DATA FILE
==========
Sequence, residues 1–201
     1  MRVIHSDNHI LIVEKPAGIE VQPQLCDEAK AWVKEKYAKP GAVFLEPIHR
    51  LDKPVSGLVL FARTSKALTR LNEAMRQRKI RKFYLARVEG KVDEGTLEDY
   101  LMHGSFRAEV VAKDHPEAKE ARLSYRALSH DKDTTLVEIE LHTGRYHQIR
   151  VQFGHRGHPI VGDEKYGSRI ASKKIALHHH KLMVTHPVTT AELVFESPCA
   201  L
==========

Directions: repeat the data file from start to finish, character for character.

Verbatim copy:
Sequence, residues 1–201
     1  MRVIHSDNHI LIVEKPAGIE VQPQLCDEAK AWVKEKYAKP GAVFLEPIHR
    51  LDKPVSGLVL FARTSKALTR LNEAMRQRKI RKFYLARVEG KVDEGTLEDY
   101  LMHGSFRAEV VAKDHPEAKE ARLSYRALSH DKDTTLVEIE LHTGRYHQIR
   151  VQFGHRGHPI VGDEKYGSRI ASKKIALHHH KLMVTHPVTT AELVFESPCA
   201  L